Does this book then mark the end of your Afghan adventure? Would you go back to photograph Afghanistan again?

‘I was there last year, yes. I was in Kabul, it was crowded, there’s a lot of traffic, there’s always this nagging sense that at any moment there could be a car bomb somewhere. And I thought, wait a minute, I’m kind of repeating myself here. I walked down the same street ten years ago and it looked pretty much the same.’

The Taleban are taking the country again. Can you see, from your experience there, how that could happen. Why local people might accept them back?

‘Yes, they’re neighbours. They speak the same language, they’re Pashtun,’ said McCurry. ‘Then, on the other side, there are these foreigners running around who don’t speak the same language and in many cases don’t respect local customs. They come through your village, search your homes. They have drones. You can see how the negativity starts to stack up. The Taleban are doing terrible things as well but if you’re an Afghan you’re not going back to Cleveland at the end of your tour, you know. You’re there for ever. It’s a stalemate that makes no sense. Trump is saying send more troops in and it just doesn’t make sense.’

McCurry clearly feels the futility of war and the horror that all the Afghans have been through, but one of the most striking things about his book is how un-angry it feels. The photos are, for the most part, sensuous and lyrical. I asked: isn’t it sometimes uncomfortable for a distressing shot to be so beautiful? I was thinking in particular of a woman in a soft, ochre-coloured burka holding her injured son in Kabul in 1992. You can’t help but take pleasure in the light on the cloth, though the child in her arms is in tears. And of two boys in Herat in 1992, seen from behind, on crutches.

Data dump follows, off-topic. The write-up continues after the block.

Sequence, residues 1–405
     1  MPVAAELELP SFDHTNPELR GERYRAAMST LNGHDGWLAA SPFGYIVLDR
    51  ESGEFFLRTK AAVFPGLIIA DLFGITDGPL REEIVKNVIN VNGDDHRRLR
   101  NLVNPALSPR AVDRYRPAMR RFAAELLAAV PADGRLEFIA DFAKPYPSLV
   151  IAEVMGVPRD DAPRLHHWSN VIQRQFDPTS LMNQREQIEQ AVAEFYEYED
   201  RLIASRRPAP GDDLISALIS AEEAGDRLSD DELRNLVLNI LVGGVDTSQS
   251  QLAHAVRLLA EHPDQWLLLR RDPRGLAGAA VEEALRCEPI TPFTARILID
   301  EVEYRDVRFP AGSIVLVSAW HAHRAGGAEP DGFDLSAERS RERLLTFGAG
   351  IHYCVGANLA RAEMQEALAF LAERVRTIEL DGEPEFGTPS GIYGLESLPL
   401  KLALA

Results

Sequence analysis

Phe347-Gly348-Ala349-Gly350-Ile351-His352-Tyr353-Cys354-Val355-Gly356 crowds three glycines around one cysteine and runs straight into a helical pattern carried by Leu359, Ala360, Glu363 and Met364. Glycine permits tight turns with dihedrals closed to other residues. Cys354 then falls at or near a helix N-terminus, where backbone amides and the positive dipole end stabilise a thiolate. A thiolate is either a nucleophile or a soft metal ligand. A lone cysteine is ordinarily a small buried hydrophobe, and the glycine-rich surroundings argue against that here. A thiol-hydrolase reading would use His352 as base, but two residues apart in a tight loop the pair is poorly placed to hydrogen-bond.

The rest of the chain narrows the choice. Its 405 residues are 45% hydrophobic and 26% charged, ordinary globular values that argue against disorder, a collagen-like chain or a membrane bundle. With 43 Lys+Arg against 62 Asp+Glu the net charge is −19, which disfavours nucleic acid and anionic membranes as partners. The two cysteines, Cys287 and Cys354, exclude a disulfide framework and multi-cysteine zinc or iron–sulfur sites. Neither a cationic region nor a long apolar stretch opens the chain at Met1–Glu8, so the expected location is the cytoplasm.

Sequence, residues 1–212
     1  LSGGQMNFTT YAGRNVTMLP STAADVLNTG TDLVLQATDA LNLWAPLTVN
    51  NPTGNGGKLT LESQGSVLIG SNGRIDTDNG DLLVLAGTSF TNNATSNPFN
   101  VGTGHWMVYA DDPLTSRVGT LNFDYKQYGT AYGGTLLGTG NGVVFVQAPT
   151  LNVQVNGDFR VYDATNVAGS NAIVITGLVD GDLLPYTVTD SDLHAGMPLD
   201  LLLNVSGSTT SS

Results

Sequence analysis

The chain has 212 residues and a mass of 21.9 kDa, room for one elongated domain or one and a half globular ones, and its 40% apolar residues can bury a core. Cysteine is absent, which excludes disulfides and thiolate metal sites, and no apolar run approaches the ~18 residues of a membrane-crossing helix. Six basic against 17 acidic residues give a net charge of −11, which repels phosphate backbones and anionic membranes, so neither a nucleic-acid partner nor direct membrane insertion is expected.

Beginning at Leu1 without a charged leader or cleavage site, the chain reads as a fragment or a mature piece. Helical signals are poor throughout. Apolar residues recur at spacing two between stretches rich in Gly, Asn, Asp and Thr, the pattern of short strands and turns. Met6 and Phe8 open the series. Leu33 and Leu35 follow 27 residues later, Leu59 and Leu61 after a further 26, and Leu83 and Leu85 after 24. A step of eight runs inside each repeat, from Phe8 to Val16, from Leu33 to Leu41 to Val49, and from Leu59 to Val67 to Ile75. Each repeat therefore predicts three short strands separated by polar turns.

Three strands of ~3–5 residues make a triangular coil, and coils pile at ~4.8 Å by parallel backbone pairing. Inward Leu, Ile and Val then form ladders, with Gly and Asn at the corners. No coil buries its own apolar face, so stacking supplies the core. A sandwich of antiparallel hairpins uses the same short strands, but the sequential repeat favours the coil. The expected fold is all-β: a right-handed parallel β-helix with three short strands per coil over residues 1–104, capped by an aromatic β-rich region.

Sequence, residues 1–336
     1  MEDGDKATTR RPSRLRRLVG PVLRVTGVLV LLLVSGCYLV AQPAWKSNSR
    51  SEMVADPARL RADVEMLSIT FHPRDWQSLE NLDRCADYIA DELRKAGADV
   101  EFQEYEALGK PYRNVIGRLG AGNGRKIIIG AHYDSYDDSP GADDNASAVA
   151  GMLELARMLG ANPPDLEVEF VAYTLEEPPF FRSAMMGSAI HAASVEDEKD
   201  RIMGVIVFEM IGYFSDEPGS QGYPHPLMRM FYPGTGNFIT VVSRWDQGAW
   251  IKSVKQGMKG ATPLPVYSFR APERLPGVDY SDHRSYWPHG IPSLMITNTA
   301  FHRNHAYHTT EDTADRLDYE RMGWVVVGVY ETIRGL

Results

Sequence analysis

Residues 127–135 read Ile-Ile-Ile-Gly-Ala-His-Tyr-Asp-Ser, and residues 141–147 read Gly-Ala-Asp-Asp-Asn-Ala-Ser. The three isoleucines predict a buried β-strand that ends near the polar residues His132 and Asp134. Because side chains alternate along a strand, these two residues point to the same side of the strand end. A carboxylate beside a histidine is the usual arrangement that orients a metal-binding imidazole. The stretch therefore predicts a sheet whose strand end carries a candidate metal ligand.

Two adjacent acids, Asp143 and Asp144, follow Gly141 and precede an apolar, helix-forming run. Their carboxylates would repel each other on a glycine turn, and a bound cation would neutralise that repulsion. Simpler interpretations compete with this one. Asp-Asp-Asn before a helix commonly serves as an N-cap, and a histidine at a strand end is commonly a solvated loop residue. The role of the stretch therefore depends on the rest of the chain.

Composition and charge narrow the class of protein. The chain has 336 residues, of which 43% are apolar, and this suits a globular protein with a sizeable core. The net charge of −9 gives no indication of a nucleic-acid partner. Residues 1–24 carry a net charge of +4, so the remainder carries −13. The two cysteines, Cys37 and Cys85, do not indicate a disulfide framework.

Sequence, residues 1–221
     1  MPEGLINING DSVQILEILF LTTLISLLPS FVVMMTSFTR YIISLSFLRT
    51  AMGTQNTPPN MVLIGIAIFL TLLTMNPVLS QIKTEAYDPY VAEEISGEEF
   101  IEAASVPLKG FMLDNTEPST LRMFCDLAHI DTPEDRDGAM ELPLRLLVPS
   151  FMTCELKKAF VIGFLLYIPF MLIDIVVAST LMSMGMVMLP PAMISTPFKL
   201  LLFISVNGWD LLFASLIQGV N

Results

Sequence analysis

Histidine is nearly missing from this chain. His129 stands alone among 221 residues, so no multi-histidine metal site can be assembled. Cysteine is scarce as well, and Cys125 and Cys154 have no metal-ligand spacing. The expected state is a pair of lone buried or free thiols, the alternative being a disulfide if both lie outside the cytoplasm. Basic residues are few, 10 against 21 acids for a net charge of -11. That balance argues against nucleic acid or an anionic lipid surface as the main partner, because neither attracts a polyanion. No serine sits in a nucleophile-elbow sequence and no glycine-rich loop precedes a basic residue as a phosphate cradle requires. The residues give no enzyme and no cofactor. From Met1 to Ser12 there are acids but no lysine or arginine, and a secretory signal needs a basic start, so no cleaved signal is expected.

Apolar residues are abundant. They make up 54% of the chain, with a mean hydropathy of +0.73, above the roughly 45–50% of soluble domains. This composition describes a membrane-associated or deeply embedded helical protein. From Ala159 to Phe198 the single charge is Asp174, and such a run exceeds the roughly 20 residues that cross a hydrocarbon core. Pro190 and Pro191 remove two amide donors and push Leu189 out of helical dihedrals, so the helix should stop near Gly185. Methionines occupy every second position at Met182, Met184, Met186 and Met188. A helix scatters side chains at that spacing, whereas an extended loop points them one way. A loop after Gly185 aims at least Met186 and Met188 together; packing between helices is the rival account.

McMurray seemed oddly flustered: ‘Well I think that I had a particular interest and concern with composition and light so I never really thought about pictures as being … but yes, it has a certain poignancy...’

If he sounds defensive it’s perhaps because he’s recently taken some flak for seeming to tinker with his photographs post-production. In the spring of last year an Italian photographer, Paolo Viglione, noted that he’d moved a street sign on one photo, to better balance the composition, then other eagle-eyed puritans spotted other anomalies.

Once he’d gathered his thoughts on the subject of making pain look pleasing, McCurry gave a reply that seemed designed to answer all critics: ‘If I am making bad pictures to try to please somebody else, I’m not being true to myself and I’m not having fun. I’m not doing what has meaning to me. I basically photograph in a way that seems right for me and I guess if people don’t like it that’s perfectly fine, but I don’t know… It’s all good. There’s nothing else I’d rather do, and I feel like I’ve done with my life what I want to.’

‘If you wait,’ McCurry has said in the past, ‘people will forget your camera and the soul will drift up into view.’ Inevitably, any great photographer reveals his own soul, too, and what this book demonstrates is that it’s a mistake to think of McCurry as a reporter. He’s not recording a truth so much as, in the manner of all artists, making his own. ‘I’m a visual storyteller,’ he said during the Photoshop business last year, not a photojournalist. And all the better for that.

Afghanistan by Steve McCurry is published by Taschen.